For EHR initiatives to succeed and achieve the goal of providing the best patient care, it is imperative to have a consistent method for storing, retrieving, and aggregating data for use in various areas. Understanding that there are any number of areas (hospitals, physician’s offices, home healthcare settings, etc) where that information will be required, standardized clinical terminology becomes a tool to extract the data in a manner that is meaningful to clinicians.
A common clinical language also facilitates interoperability of systems, which results in better patient outcomes and operational and financial benefits to healthcare providers. If attending clinicians have a clearer picture of a patient’s history instead of having to rely on the patient recalling his or her various conditions, medications, and treatments, it will not only produce improved outcomes but will also reduce treatment costs.
There is also value to be derived from maintaining the continuity of care. Today, it is understandable for patients to expect doctors to have access to consistent, reliable information relating to their health history and care processes. With standardized clinical terminology, all patient data would be available across the full spectrum of healthcare settings: family history, medications, allergies, diseases, and treatments that can be coded and shared among clinicians, sites of care, and even national and international geographic boundaries.
For the clinician, access to this level of knowledge will ultimately result in the delivery of improved, safer care. When integrated into an EHR software system, standardized clinical terminology enables primary and specialty care providers to share comparable data at any time, from any place.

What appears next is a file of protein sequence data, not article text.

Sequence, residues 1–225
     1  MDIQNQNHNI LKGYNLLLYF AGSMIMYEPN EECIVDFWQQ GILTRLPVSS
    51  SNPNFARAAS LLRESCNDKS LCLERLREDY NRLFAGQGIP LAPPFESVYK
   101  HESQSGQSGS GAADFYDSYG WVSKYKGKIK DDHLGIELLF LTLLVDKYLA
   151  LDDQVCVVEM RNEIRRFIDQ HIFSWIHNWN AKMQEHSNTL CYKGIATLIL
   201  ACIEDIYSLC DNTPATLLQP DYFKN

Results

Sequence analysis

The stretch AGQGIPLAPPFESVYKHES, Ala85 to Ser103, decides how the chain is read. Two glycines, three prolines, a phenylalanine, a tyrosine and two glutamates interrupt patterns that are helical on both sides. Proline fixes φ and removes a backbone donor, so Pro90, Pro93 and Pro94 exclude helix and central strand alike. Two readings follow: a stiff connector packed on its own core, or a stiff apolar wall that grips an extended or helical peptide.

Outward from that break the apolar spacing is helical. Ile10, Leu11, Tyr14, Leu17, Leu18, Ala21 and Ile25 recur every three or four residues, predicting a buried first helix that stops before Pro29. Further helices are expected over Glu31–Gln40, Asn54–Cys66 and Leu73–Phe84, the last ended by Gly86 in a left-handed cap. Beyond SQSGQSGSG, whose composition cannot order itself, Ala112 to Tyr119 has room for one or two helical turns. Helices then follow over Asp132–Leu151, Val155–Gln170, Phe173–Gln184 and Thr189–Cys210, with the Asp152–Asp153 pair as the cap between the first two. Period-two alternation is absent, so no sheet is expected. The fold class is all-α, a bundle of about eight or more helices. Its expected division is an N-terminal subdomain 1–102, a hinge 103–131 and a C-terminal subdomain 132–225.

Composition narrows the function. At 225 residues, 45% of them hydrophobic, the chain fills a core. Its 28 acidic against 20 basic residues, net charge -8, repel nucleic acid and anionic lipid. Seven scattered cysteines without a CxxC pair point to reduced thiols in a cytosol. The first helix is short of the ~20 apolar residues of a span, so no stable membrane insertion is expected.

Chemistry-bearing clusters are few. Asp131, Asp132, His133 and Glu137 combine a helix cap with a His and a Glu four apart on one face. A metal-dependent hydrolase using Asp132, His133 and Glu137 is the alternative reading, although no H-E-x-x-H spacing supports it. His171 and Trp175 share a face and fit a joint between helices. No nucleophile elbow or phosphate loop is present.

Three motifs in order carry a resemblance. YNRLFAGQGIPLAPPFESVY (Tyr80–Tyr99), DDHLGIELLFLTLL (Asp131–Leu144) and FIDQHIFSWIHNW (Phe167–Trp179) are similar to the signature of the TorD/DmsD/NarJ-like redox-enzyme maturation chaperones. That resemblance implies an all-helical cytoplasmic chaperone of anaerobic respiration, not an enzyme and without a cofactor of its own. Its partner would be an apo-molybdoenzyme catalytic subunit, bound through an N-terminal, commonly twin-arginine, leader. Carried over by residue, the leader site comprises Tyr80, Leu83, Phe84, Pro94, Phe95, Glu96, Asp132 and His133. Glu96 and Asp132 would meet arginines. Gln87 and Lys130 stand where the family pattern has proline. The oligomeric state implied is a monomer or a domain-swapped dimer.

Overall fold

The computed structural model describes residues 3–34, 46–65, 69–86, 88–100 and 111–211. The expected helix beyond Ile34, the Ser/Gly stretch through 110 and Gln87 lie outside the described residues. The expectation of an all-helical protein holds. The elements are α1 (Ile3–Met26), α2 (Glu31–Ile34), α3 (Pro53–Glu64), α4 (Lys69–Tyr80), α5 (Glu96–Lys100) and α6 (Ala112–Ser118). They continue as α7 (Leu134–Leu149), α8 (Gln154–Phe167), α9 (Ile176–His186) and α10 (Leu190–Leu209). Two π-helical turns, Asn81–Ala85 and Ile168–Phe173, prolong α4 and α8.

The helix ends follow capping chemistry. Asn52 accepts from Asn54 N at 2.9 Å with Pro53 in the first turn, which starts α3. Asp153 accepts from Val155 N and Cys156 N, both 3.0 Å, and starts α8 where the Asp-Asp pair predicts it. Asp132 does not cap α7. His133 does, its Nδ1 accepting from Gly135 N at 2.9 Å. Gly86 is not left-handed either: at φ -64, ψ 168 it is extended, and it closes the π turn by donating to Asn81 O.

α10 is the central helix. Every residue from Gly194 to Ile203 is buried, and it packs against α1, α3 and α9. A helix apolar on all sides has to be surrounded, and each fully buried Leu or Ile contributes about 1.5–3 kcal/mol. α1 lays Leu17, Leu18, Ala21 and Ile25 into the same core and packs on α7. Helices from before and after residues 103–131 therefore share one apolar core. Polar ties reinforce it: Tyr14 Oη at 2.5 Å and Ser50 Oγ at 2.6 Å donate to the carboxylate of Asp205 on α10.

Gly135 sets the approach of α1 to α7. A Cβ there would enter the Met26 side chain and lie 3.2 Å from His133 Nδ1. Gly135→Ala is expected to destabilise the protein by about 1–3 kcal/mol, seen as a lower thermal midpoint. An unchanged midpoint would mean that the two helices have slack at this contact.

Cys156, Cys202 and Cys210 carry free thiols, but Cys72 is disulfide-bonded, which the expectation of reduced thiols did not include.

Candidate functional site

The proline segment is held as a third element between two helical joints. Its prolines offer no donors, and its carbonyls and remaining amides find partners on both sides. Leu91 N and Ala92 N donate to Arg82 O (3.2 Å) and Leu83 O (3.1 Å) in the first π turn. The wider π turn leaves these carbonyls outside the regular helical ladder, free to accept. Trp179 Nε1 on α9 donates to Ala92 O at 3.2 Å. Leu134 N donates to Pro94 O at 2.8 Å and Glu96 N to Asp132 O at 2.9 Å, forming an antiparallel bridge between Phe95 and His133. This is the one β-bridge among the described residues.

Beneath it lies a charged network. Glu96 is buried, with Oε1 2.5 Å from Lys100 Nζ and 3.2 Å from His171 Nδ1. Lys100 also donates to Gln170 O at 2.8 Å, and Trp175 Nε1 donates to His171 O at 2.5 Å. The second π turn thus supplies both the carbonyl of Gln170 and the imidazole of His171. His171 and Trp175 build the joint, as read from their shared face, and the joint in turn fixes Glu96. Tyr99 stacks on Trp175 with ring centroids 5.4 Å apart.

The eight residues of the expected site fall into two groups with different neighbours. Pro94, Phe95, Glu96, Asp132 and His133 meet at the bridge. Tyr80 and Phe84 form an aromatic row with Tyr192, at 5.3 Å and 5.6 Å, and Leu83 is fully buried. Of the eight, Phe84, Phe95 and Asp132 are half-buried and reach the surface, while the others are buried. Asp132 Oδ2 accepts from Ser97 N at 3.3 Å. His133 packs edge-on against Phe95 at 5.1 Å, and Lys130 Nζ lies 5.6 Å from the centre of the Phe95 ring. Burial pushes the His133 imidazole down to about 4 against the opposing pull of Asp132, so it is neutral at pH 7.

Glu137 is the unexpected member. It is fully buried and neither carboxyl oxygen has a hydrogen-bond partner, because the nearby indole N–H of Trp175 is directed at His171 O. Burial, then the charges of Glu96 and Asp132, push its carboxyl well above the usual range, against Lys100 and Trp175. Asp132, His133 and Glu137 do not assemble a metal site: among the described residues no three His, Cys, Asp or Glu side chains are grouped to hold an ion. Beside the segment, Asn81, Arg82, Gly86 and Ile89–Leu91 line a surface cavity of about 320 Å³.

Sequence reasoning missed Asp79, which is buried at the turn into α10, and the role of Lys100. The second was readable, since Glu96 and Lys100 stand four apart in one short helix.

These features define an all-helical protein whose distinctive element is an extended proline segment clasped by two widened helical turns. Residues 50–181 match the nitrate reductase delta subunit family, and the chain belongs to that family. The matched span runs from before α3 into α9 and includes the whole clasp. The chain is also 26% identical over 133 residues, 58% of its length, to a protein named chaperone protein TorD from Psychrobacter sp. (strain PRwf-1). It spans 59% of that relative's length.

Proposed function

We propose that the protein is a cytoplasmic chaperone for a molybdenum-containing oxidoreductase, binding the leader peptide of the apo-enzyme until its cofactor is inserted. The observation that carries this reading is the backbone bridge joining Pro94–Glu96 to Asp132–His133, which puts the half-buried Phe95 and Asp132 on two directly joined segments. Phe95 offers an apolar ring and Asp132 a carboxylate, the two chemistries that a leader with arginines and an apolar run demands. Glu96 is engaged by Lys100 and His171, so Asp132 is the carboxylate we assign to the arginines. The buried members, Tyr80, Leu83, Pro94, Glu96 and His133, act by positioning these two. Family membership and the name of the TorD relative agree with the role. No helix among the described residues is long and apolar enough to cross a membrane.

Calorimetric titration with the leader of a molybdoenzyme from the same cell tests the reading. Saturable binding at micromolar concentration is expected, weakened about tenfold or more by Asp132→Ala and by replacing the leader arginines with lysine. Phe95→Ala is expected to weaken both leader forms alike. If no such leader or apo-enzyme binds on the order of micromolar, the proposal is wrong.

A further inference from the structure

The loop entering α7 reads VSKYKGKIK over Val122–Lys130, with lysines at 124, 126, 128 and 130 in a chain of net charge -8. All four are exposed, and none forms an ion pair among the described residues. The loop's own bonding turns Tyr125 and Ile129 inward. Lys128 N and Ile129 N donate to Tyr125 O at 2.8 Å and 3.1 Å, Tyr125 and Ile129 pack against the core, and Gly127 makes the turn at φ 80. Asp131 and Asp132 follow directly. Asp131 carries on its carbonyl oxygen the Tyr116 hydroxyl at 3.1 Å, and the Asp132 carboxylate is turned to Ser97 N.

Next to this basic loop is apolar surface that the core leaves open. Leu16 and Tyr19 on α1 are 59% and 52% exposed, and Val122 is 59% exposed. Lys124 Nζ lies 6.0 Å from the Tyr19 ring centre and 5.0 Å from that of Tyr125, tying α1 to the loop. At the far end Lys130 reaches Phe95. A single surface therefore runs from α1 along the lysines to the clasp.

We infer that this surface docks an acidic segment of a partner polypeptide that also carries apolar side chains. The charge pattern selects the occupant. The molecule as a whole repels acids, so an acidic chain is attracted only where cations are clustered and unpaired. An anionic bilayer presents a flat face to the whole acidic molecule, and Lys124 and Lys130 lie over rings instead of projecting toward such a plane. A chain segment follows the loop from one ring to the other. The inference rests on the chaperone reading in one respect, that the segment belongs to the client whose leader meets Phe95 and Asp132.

To support informed decision making in patient care and to maximize patient safety, a robust clinical terminology such as SNOMED CT can be used to develop the knowledge-based relationships within an EHR. For example, allergies must be linked to drugs and contraindications and procedures to devices. The use of common language across clinical domains, at varying levels of specificity and with varying terminologies, can be used to convey these relationships within the application. To foster greater efficiency, data should be collected once, shared, and reused for many different purposes. Clinical care, decision support, research, and patient safety initiatives all rely on the same collected data.
The accurate exchange of electronic patient data plays a key role in providing quality healthcare. The ability to produce on-target and reliable research and analysis using standardized clinical terminologies is essential to supporting the exchange of data to truly compare patient care outcomes on both a national and international scale.
— Cynthia B. Lundberg, RN, BSN, is a clinical informatics educator with SNOMED Terminology Solutions (STS), a division of the College of American Pathologists. Before joining STS in 2006, Lundberg devoted 14 years to designing, implementing, maintaining, and collaborating on nursing terminology in hospital systems.
SNOMED, SNOMED CT, and IHTSDO are trademarks of the International Health Terminology Standards Development Organisation. All other trademarks used in this document are the property of their respective owners.